Archive for the ‘Weather’ Category


Wednesday, September 14th, 2016

The rainy season is due to start in Rwanda in mid-September. There hasn’t been any rain since April. This has been the longest dry season in living memory. It was lovely and hot and dry this morning when I left the house. But this afternoon, while sitting in a lovely coffee shop in a lovely bookshop with a lovely view of Kigali writing blog posts about my morning at the Genocide Memorial the rainy season started.

All of the rain in the world has thrown itself against the windows. Black clouds have blown past obscuring the distant hills. The sun set at some point. I can hear myself think again and I can see the lights of the buildings on the hill opposite so the worst of this deluge may have just passed. Though the tinkling on the tin roof and the distant rumbles of thunder make me think this may just be a temporary reprieve.

You Know It’s Hot When …

Sunday, June 15th, 2014

The monsoon has now hit Kerala. And that means it is not as hot as it was the week before last. Not that highs of 29 are exactly cold! But two weeks ago was summer.

The weather here in Kerala in summer is hot. And humid. Lows of about 27 degrees and highs of about 34 degrees. Humidity is about 70%, except of course when it’s actually raining. One day at about 1pm my phone was telling me that it was 32 degrees. It also told me that the RealFeel temperature was 41 degrees. I don’t know what that means, but it makes the number bigger, so I’m going to run with it. 🙂

I know that many of you reading this have been in places where it has been hot. Some much hotter than the weather here. I also know that many of you won’t. So here’s a handy guide to help you figure out if it is hot.

  • You’ve just had a cold shower and as soon as you finish drying yourself you realise you’re already covered in a light sheen of sweat.
  • It is 8 in the morning. You have just walked very slowly to class (about a 5 min walk). You are standing still in the shade. Rivulets of sweat are running down your back, down your cleavage, down the inside of your knees, down your temples, down the backs of your ears. The ends of your hair are wet.
  • You wake up at 3am feeling slightly chilly (the fan has been on all night and there has been a thunderstorm with lots of rain) so you turn off the fan and cover yourself with the bedsheet. 30 mins later, you wake up again because it’s too hot to sleep, the clothes you’re wearing in bed are now sticking to you. You put the fan back on.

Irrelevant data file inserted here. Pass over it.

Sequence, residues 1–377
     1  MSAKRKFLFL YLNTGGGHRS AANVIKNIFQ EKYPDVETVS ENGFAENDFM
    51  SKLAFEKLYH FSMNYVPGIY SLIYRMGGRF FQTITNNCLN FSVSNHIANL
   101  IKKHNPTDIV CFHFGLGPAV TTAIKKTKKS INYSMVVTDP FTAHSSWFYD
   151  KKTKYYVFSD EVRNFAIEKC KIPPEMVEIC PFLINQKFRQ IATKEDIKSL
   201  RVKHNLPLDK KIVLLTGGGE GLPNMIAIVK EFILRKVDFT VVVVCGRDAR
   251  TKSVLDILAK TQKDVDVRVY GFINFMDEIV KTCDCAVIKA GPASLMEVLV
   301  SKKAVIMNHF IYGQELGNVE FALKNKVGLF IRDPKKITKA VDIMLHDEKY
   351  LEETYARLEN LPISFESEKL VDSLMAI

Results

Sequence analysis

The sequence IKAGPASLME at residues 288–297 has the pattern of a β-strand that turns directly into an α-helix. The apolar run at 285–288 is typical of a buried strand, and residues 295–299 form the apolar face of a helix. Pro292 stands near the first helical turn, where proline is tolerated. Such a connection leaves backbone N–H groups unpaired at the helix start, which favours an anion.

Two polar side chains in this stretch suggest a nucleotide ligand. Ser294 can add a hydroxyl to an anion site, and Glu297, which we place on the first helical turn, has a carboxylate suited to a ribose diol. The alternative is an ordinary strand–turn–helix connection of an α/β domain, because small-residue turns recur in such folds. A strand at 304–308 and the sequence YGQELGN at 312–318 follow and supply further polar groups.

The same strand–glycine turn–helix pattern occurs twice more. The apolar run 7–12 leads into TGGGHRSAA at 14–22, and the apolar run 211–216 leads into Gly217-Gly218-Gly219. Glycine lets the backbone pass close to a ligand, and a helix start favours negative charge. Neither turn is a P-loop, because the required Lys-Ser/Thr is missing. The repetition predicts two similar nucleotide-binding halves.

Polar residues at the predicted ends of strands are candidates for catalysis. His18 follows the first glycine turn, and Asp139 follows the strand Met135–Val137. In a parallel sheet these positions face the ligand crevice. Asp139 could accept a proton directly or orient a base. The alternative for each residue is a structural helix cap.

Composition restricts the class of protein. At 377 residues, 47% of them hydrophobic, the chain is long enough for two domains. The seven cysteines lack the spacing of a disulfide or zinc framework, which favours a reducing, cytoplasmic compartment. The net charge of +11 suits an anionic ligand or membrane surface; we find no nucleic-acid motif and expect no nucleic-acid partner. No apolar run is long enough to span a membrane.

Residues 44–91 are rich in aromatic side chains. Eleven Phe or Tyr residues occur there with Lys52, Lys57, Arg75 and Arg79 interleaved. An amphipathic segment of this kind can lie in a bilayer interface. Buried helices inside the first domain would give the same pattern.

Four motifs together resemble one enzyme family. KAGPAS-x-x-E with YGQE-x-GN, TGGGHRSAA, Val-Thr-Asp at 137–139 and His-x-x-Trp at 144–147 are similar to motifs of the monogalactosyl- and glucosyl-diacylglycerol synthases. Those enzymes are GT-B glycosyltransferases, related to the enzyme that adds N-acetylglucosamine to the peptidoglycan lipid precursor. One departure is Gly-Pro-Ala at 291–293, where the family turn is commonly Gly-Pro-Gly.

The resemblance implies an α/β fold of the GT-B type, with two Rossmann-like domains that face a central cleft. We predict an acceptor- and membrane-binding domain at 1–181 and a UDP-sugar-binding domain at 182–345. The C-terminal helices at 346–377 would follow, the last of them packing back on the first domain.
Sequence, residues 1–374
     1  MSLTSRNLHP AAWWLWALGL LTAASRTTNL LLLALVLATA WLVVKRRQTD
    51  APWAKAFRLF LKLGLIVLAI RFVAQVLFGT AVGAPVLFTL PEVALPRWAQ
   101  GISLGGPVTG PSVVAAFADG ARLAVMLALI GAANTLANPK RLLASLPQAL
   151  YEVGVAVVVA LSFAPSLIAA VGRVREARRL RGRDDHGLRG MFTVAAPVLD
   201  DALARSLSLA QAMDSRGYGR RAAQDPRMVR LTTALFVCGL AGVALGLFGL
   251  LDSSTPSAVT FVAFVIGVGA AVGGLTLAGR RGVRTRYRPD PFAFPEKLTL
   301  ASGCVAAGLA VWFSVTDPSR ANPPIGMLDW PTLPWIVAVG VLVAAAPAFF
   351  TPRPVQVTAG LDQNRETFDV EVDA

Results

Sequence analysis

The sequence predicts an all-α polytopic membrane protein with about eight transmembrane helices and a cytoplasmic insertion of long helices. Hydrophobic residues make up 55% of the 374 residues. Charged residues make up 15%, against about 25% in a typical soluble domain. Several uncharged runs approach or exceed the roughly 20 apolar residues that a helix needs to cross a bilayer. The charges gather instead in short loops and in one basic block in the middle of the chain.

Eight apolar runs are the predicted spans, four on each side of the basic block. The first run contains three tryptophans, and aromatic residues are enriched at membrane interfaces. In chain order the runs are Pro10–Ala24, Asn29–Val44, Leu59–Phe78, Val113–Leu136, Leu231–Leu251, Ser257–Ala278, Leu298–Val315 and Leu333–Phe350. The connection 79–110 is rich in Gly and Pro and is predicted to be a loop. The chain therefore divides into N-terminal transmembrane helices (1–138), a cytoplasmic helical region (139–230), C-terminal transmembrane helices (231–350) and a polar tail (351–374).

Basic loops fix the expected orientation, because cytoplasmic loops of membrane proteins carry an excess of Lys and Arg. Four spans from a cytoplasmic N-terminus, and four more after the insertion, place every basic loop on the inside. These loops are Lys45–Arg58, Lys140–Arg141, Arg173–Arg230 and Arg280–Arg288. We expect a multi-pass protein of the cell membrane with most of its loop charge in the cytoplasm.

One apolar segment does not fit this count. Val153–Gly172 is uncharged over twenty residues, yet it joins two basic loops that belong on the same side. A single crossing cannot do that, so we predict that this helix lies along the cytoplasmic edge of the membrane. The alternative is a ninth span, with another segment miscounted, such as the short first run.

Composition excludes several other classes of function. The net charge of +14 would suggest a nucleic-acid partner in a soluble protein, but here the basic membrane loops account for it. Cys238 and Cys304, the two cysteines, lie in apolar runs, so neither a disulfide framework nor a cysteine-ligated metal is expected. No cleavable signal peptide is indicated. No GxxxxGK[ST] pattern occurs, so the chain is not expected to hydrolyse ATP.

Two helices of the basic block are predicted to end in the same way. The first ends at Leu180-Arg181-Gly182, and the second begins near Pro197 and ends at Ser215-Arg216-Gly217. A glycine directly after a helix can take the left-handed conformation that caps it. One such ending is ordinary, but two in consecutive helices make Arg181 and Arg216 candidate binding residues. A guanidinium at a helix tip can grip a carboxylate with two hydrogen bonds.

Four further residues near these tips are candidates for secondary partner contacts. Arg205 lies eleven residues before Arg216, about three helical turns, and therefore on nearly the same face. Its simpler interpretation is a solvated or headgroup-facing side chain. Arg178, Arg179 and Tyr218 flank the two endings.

• The veins on your feet are sticking out as they desperately try to release heat from the bloodstream.
  • You stand under a cold shower and the water running off your head is several degrees warmer than the water coming straight from the tap.
  • You have talcum powder and you use it. In fact, just thinking about it brings an immediate sigh of relief (chafing: need I say more?).
  • You realise that the reason why Darwin invented eyebrows was to funnel sweat off your forehead and towards your temples. You also realise that even the bushiest, most natural eyebrows have their limits and when they are breached the sweat runs straight into your eyes. Needless to say, this isn’t pleasant.

Sri Lankan Rain

Sunday, December 23rd, 2012

Sometimes when it rains in Sri Lanka it rains a nice, measured, delicate rain. Usually not.

At the time of writing this in Eheliyagoda we are getting rain each afternoon. The mornings tend to be hot, sunny, humid. At about 2pm ish the heavens open and it buckets down.

Here is a video of the rain out my window. Note the noise.


You can’t really do much when it is raining like this. Going out in it isn’t particularly pleasant. Phone calls are not a good idea. Even talking to people in the same room is difficult.

The roads flood. Three wheelers put the canvass side coverings up. People walk around with umbrellas (which don’t do very much). People get wet. The rivers rise. The storms interrupt phone signal and sometimes there are power cuts.

But tomorrow morning, the roads will be bone dry. The air will be hot. All of the rain from today will be evaporating ready to return to earth again tomorrow afternoon.

Post script: after writing this, the rain continued as heavily for several more days. Sometimes starting earlier. This meant there wasn’t enough time for the water to evaporate. So there were floods. Quite major floods in many places. I wasn’t directly affected, though a school I was visiting closed early so that the students could get home before the roads closed and the next day many schools were closed or had very few students. The road that one of the volunteers lives on flooded, but it was still passable in a three wheeler. Her house was ok being up the hill a little bit. This seems to be unseasonal weather. Last year at this time of the year it was hot and dry. The previous year it was incredibly wet. It doesn’t normally rain at this time of the year. But the climate has been unpredictable for several years.